U.S. Army soldiers unload M1 Abrams tanks which will participate in exercises at the training ground in Drawsko Pomorskie, Jankowo Pomorskie, northwestern Poland March 18, 2015. REUTERS/Cezary Aszkielowicz/Agencja Gazeta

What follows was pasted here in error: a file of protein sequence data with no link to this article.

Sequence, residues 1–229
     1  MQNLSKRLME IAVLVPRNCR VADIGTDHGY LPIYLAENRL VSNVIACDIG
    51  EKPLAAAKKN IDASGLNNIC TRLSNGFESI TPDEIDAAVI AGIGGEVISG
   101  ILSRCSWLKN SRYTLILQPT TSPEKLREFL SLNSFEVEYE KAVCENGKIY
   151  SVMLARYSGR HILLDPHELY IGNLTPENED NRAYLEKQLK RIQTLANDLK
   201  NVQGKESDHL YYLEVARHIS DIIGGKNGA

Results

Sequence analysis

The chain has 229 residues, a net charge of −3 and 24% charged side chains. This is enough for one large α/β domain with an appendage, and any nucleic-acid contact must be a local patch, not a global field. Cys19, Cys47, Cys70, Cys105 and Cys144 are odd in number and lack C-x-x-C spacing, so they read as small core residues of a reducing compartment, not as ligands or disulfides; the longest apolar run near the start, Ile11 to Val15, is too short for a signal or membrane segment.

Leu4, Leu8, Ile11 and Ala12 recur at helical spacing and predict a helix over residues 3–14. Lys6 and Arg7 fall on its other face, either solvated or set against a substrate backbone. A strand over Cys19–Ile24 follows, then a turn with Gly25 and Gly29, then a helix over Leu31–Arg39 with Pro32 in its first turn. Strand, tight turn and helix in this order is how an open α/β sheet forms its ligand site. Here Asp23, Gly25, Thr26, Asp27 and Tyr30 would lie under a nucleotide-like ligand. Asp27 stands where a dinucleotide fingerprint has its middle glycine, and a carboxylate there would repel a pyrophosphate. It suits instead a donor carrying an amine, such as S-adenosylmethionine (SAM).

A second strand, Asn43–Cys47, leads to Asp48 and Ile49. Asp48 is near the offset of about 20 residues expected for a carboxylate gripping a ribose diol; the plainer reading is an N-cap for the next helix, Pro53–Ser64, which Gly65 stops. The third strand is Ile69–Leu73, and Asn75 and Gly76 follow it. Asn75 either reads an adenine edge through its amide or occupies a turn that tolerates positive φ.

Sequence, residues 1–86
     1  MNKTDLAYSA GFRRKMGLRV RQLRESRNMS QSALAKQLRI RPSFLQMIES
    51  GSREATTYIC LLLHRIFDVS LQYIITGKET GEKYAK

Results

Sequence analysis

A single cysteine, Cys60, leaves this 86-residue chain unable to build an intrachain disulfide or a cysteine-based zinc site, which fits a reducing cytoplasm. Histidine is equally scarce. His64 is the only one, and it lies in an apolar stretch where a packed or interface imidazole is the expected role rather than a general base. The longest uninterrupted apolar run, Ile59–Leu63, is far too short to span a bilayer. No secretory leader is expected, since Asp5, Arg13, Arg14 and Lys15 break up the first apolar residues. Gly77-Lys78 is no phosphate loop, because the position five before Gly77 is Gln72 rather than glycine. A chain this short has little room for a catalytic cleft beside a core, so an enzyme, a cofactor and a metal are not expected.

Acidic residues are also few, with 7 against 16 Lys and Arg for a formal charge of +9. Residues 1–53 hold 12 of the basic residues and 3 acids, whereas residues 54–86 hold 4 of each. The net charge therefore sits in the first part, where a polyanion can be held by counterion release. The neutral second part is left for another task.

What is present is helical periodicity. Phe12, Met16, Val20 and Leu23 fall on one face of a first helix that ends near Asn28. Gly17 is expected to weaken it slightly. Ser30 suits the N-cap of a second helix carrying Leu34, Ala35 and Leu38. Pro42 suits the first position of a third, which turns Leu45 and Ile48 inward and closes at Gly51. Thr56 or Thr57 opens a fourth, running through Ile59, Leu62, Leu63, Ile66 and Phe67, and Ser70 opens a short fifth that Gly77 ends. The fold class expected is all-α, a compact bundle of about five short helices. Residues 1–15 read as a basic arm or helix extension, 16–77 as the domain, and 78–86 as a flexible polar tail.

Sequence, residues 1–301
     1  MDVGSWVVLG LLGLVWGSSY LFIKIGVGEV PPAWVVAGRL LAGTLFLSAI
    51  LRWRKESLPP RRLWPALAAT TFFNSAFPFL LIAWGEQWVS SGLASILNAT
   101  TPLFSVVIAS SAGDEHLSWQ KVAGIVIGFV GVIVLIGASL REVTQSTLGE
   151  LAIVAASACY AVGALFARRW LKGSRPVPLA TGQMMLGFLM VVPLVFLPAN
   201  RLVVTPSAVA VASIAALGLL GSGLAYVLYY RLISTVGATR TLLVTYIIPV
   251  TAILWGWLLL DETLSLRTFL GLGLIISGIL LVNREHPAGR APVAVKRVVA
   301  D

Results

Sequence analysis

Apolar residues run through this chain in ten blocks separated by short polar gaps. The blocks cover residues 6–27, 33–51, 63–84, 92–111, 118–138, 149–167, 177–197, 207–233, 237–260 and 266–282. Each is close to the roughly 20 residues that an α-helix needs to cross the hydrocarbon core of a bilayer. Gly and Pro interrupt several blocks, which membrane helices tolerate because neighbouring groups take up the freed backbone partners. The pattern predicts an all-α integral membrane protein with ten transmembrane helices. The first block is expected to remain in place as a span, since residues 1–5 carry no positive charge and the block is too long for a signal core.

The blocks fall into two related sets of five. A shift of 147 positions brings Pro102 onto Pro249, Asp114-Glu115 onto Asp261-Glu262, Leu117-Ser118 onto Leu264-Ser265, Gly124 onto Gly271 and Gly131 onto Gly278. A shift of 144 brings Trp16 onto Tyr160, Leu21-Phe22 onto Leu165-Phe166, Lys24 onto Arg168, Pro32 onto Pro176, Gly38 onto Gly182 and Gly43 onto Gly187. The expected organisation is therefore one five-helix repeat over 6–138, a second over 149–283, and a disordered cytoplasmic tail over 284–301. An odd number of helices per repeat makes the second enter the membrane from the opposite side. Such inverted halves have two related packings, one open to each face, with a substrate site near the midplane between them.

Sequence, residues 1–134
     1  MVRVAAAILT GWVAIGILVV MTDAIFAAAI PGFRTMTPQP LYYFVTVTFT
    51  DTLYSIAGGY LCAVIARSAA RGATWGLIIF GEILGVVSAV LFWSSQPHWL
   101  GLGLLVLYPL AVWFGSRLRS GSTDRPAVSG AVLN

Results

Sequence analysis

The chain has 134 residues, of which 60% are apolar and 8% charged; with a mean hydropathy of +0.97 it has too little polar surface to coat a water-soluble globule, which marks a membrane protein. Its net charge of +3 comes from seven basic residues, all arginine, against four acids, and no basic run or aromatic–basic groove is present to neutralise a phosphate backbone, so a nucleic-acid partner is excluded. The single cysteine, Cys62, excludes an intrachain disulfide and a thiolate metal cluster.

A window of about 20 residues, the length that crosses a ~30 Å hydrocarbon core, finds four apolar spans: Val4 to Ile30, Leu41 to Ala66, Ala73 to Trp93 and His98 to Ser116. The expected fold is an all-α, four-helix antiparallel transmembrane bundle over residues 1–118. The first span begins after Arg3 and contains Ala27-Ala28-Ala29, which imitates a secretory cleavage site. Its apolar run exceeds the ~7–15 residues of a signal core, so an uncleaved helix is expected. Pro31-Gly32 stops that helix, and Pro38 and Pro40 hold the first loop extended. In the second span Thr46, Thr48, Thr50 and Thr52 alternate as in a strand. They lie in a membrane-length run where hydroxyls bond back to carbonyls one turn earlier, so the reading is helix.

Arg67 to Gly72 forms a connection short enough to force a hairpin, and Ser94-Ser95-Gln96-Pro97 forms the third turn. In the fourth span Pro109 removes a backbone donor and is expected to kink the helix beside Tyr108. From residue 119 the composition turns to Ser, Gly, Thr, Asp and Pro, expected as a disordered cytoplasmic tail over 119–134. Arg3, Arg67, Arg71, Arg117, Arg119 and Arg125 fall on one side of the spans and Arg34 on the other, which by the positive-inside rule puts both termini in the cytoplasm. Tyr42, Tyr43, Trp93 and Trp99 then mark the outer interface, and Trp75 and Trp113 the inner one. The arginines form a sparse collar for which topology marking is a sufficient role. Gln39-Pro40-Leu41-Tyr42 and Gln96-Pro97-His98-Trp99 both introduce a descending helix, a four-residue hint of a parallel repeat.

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No country in modern history has possessed as much global military power as the United States.Britain was never as dominant as the U.S. is today. Similarly, those who speak of American hegemony after 1945 fail to note that the Soviet Union balanced U.S. military power for more than four decades.Of course, America did maintain economic dominance after 1945: the devastation of World War II in so many countries meant that the U.S. produced nearly half of global GDP. That position lasted until 1970, when the U.S. share of global GDP fell to its prewar level of one-quarter. The question now is whether the era of U.S. primacy is coming to an end.There is still reason to believe that, at least in the first half of this century, the U.S. will retain its primacy in power resources and continue to play the central role in the global balance of power.In short, while the era of U.S. primacy is not over, it is set to change in important ways.
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